Sitges 2017 Review: Tyler Macintyre’s Brilliant ‘Tragedy Girls’ Is SCREAM For The Social Media Age
Last year, I was fortunate enough to catch Tyler MacIntyre’s PATCHWORK at the
Brussels International Fantastic Film Festival. It sort of crept up on me. I’d not heard much
about the charming, indie horror-comedy, but like a mad scientist harvesting body parts, it stole my heart. It ended up being possibly my favorite film of the festival, and one of my favorite viewings of 2016 overall. Fast-forward to now, and not only is PATCHWORK finally widely available (watch it on Netflix!), MacIntyre’s latest feature, TRAGEDY GIRLS, is playing festivals and select theaters. It’s also one of my favorites of 2017.
TRAGEDY GIRLS is a meta horror-comedy, focused on two high school girls whose
goal in life is to become legendary slashers. The two best friends idolize serial killers, watch
horror movies, and obsess over grisly murders. They start off by capturing a hulking, masked killer who is hacking up local teenagers with a machete, and asking him to train them. The self-aware horror absurdity just ratchets up from there.
Sadie and McKayla (our titular Tragedy Girls) hit every mark for awful, narcissistic high
schoolers. They exploit every tragedy for social media “fame,” and run a blog about the murders in the town. They turn a classmate’s funeral into an ad for their blog. They are psychopaths, who would gladly take a selfie with a severed head if it meant more Retweets. Yet somehow, they are undeniably likeable protagonists.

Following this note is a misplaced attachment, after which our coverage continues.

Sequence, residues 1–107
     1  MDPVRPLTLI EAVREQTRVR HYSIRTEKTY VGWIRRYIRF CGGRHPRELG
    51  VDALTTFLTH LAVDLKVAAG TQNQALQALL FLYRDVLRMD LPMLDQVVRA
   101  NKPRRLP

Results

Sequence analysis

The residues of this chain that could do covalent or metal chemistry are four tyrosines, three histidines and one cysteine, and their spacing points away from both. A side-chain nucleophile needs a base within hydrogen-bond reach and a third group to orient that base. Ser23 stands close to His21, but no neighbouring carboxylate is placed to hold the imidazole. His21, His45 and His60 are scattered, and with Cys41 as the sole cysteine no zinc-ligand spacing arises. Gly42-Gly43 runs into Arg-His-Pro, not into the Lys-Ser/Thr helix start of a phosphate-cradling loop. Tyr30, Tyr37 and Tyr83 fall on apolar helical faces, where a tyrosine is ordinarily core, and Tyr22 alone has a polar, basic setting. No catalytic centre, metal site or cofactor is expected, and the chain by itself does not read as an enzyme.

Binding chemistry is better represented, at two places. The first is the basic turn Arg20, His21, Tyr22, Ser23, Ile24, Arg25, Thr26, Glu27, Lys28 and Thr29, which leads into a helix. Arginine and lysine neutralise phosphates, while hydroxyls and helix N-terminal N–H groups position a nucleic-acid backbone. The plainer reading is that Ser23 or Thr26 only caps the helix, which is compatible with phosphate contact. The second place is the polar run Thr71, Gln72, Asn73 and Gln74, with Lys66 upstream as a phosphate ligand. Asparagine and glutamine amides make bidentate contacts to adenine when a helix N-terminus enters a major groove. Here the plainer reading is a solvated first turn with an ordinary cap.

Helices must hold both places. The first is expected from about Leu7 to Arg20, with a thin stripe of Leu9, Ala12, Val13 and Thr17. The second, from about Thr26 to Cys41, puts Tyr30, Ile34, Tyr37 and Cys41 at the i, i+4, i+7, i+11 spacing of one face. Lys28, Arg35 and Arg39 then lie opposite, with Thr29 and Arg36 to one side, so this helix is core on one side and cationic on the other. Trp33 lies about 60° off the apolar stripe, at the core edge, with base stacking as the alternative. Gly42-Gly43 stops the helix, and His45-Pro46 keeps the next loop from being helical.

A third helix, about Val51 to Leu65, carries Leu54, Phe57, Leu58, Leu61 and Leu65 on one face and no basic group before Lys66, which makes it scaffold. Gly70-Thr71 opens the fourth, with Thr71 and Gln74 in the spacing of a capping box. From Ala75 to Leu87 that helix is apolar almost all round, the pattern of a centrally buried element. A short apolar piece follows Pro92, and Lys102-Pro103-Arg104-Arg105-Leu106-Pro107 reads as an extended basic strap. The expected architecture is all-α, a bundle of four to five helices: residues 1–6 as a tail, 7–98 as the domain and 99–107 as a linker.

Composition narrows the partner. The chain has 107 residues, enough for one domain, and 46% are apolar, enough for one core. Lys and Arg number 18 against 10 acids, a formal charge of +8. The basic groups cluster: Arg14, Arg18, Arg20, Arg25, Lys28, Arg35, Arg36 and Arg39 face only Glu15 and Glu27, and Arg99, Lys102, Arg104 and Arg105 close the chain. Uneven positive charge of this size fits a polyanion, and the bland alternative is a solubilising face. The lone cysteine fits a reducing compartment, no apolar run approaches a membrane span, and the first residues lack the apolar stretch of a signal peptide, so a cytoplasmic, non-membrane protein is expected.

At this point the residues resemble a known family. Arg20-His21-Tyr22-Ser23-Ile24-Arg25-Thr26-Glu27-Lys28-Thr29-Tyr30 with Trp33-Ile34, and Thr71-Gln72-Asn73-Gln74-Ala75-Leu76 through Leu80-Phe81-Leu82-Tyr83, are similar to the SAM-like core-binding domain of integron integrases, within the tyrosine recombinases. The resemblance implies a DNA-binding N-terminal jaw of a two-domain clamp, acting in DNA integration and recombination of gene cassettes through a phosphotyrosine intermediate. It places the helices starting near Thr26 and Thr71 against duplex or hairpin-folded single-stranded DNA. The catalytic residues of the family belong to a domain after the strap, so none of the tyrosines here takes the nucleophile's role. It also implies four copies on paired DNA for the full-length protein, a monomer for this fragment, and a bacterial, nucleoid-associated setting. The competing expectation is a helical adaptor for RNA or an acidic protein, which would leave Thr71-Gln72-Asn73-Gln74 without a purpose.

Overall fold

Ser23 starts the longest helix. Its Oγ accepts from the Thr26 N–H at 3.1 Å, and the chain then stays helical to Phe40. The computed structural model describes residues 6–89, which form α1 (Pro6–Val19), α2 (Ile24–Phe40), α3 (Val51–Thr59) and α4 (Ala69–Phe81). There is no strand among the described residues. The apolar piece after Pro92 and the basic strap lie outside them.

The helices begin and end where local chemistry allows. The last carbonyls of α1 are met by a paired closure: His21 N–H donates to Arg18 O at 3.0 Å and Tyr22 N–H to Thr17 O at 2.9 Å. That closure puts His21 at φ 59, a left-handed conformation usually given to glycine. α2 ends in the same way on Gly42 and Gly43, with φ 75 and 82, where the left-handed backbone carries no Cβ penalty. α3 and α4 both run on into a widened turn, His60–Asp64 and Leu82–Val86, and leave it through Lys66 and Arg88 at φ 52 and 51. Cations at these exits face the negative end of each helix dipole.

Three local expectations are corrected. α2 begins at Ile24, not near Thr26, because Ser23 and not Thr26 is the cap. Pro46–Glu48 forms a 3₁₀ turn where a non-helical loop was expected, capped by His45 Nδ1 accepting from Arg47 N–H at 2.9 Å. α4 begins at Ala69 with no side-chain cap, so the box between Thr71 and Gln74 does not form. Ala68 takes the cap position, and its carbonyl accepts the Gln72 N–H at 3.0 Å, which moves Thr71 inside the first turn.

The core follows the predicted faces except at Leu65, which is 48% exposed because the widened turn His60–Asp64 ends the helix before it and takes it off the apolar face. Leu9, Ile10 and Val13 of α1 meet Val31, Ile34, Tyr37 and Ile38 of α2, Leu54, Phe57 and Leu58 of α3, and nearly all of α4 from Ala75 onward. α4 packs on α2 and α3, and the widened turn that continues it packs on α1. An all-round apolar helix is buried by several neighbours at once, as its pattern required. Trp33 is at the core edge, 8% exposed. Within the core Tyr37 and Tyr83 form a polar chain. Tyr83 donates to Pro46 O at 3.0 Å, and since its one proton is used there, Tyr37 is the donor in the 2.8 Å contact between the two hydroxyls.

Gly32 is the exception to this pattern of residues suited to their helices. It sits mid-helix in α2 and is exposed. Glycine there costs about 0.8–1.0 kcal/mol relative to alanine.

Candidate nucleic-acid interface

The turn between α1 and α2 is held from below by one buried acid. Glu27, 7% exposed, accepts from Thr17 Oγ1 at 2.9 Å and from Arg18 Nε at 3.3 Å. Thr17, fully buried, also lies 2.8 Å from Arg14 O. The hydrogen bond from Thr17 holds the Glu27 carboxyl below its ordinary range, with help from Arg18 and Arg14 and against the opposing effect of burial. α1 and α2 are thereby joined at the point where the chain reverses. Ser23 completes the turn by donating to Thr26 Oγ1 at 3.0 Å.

The two are charismatic, their banter drawing most of the laughs. They’re never really
framed as frightening, but rather just giddy at each new opportunity to get closer to their
dreams. Maybe it’s because they’re horror-obsessed weirdos. But ultimately, the biggest factor is their relationship. There’s something in the unquestionable friendship between these two monsters that makes it hard not to root for them.
For most of its runtime, TRAGEDY GIRLS isn’t trying to be a horror movie. We’re
watching our charming, fame-seeking psychopaths plan their crimes. Because we don’t follow the victims, potential suspense is removed. What remains is campy, blood-soaked, self-aware brilliance. It’s a dark comedy that’s part satire, part love-letter. There’s a scene in its final act, where TRAGEDY GIRLS finally takes the shape of a traditional horror film, with deliberate cliches coming as the perfect reminder that from every other character’s perspective, this would be a pretty typical slasher flick. It’s lucky for us that TRAGEDY GIRLS is so far from typical.